Prevention of mother-child transmission programs work but infants need checking for drug resistance

March 29, 2011

Genetic mutations that lead to antiretroviral (the drugs used to treat HIV/AIDS) resistance in HIV-infected infants may develop as a result of exposure to low doses of maternal antiretroviral drugs via breastfeeding rather than being acquired directly from the mother. This key finding from a study by Clement Zeh from the US Centers for Disease Control and Prevention, Kisumu, Kenya, and colleagues, published in this week's PLoS Medicine, is important as it may impact the choice of drug regimen given to HIV-infected breastfeeding mothers and their infected infants—an effective intervention which has been shown to substantially reduce the overall rate of mother-to-child transmission of the HIV virus.

The authors conducted a secondary analysis (or substudy) of The Kisumu Breastfeeding Study—a trial in Kisumu, Kenya by Timothy Thomas and colleagues from the Kenya Medical Research Institute (KEMRI) and CDC, Kisumu, Kenya, and colleagues also reported in this week's . The Kisumu Breastfeeding Study assessed the safety and transmission rates of a triple-antiretroviral regimen (zidovudine, lamivudine, and either nevirapine or nelfinavir) given to HIV-infected women a few weeks before giving birth (34 wk gestation) through 6 months of breastfeeding. The study documented transmission rates of 7% at 24 months, most of them due to transmission in-utero or during delivery, which is considerably lower than the 25% - 48% transmission rates reported in the absence of antiretrovirals. The authors concluded that this combination of drugs was safe and feasible in resource-limited settings.

In their secondary analysis, Clement Zeh and colleagues investigated the possible causes of the emergence of maternal ARV-associated resistance among the 24 infants who were infected with either at delivery or during 6 months of breastfeeding and thus exposed to maternal ARVs.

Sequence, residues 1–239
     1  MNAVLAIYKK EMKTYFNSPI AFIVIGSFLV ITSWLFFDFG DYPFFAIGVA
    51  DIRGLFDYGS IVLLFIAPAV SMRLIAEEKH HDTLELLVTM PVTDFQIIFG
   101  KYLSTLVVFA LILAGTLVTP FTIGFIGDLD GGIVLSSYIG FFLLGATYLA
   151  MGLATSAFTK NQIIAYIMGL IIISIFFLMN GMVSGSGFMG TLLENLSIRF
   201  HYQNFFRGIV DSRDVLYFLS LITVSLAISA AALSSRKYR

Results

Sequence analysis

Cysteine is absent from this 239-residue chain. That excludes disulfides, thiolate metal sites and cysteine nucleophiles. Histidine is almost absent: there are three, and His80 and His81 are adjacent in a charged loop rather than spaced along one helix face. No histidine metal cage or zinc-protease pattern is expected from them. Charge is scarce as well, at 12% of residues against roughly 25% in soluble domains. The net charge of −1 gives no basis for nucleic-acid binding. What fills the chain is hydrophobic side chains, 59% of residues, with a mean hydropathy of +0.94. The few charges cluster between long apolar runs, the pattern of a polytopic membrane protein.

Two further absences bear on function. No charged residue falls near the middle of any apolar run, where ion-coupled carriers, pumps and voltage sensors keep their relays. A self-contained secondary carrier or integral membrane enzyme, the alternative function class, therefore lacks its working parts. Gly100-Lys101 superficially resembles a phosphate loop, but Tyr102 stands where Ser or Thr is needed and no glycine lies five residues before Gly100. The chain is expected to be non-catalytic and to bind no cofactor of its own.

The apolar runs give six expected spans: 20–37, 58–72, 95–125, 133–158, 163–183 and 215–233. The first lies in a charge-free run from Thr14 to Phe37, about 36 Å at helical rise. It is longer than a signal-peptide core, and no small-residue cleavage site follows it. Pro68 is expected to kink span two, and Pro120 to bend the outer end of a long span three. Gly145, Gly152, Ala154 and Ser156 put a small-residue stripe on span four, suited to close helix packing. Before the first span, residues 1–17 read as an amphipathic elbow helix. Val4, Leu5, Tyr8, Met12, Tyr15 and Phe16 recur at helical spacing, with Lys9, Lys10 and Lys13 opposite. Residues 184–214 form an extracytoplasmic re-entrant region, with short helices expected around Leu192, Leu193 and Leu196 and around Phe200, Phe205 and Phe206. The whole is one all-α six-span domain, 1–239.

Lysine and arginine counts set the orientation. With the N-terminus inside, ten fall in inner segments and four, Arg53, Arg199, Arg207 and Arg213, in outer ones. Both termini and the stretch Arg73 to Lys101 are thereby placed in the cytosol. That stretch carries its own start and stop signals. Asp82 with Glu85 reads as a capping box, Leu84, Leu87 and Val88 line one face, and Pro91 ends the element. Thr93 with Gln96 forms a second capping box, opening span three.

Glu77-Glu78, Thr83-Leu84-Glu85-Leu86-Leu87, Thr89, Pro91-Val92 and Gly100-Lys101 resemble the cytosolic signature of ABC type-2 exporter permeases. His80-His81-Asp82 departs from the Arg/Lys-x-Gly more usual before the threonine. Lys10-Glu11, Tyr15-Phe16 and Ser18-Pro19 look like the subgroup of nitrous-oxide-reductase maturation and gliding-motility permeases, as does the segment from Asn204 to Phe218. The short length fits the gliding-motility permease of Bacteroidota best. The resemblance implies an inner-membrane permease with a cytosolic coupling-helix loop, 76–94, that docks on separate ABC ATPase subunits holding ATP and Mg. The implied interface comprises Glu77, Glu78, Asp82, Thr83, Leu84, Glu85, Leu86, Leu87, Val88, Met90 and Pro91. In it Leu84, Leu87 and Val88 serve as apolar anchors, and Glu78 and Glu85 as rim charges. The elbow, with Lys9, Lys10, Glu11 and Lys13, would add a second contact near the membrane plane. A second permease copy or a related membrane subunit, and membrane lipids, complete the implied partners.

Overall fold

The authors took regular blood samples from these infants and from their mothers to look for the presence of HIV mutations. The authors found that various mutations were present in samples taken from all the HIV-positive infants whose mothers who had received nelfinavir but in only half of those taken from infants whose mothers who had received nevirapine. However exposure to nevirapine resulted in a wider range of ARV resistant mutations. In contrast, most of the mothers of HIV-positive infants had no HIV drug resistance mutations, and only one mother-infant pair had an overlapping pattern of HIV drug resistance mutations. This pattern of mutations suggests that drug resistance most likely arose through exposure of the infants to low levels of ARVs in breast milk rather than through mother-to-child transmission of drug-resistant HIV virus.

These findings need further confirmation through future studies but suggest that infants exposed to antiretroviral drugs through breast milk—a situation that may become increasingly common given the encouraging results of The Kisumu Breastfeeding Study and similar trials that show a reduction in mother-to-child-transmission—should be carefully monitored for HIV infection. Providers should consider the mother's regimen when choosing treatment for infants who are found to be HIV infected while breastfeeding and closely monitor response to therapy.

Clement Zeh and colleagues say: "The low mother-to-child HIV transmission rates observed in the trial support the role of triple-combination maternal antiretroviral therapy as a successful [Prevention of Mother-to-Child Transmission] intervention among breastfeeding HIV-infected mothers. However, the data from this secondary analysis suggest that ingestion of through breast milk may have contributed to the emergence of HIV drug resistance mutations in the infants, as we observed an increasing frequency of infants with HIV drug resistance mutations over the first 6 months of life when maternal antiretroviral therapy was given during breastfeeding."

They add: "[Prevention of Mother-to-Child Transmission] programs providing maternal antiretroviral therapy during breastfeeding and those caring for infants exposed to antiretroviral through breast milk will need to be cognizant of this issue and consider monitoring these infants more closely and tailoring their treatment accordingly."

Explore further: Breastfeeding now safer for infants of HIV-infected mothers

More information: Zeh C, Weidle PJ, Nafisa L, Lwamba HM, Okonji J, et al. (2011) HIV-1 Drug Resistance Emergence among Breastfeeding Infants Born to HIV-Infected Mothers during a Single-Arm Trial of Triple-Antiretroviral Prophylaxis for Prevention of Mother-To-Child Transmission: A Secondary Analysis. PLoS Med 8(3): e1000430. doi:10.1371/journal.pmed.1000430

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